The International Space Station is about to get another commercial shipment.
If all goes according to plan, by the time you’re reading this the California company SpaceX would have launched its unmanned Falcon rocket, hoisting a Dragon capsule containing more than a ton of food, tools, computer hardware and science experiments.
There won’t be any ice cream, though, for the six-man station crew. The freezers going up are filled with mouse stem cells, protein crystals and other research items. On the previous Dragon delivery in October, chocolate-vanilla swirl was tucked inside.
Forecasters put the odds of good weather at 80 percent. Launch time is 10.10 a.m Friday morning EST.
NASA is paying SpaceX to supply the orbiting lab; the contract is worth $1.6 billion for 12 delivery runs.
If launched Friday, the Dragon should arrive at the space station on Saturday morning. Astronauts will use the station’s robot arm to grab the Dragon and attach it to the orbiting complex.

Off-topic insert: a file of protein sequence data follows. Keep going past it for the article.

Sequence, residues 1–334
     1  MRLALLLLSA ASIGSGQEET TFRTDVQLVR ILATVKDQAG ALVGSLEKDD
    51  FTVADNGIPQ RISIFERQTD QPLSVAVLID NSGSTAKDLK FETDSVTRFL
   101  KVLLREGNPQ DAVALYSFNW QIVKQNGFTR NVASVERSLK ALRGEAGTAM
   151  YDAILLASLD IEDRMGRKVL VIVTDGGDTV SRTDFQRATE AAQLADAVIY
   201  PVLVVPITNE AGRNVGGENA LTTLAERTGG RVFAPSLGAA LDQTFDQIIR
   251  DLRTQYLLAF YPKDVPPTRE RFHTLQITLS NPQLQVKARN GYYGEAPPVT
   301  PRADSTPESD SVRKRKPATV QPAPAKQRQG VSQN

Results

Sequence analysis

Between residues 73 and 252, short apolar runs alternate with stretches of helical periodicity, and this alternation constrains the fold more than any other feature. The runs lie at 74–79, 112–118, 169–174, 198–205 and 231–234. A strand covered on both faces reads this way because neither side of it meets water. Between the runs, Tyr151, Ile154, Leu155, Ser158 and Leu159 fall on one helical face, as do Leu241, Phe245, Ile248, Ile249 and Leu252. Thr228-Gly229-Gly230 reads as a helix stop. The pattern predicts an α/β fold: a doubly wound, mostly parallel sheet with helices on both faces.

This latest Dragon will spend more than three weeks at the space station before departing and parachuting into the Pacific with a full load of medical specimens, fish, plants and old equipment.
NASA’s shuttles used to be the main haulers up and down, but retired two years ago.
SpaceX, based in Hawthorne, California, is working to modify its Dragon capsules to transport astronauts to the station in another few years.
Until then, NASA is buying seats for its astronauts on Russian Soyuz rockets to get to the station.
This Falcon is not carrying a commercial satellite.
What’s on board?
Snacks straight from the orchard of an employee’s father
640 seeds of mouse-ear cress, a small flowering weed
Paint, for experiments to see how it dries and adheres in space